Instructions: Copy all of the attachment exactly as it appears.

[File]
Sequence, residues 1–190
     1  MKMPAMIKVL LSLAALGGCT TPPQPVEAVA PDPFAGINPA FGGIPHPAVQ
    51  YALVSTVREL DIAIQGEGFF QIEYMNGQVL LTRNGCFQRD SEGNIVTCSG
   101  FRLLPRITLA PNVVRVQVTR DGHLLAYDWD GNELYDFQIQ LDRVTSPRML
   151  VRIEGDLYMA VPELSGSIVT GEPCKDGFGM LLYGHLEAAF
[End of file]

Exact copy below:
Sequence, residues 1–190
     1  MKMPAMIKVL LSLAALGGCT TPPQPVEAVA PDPFAGINPA FGGIPHPAVQ
    51  YALVSTVREL DIAIQGEGFF QIEYMNGQVL LTRNGCFQRD SEGNIVTCSG
   101  FRLLPRITLA PNVVRVQVTR DGHLLAYDWD GNELYDFQIQ LDRVTSPRML
   151  VRIEGDLYMA VPELSGSIVT GEPCKDGFGM LLYGHLEAAF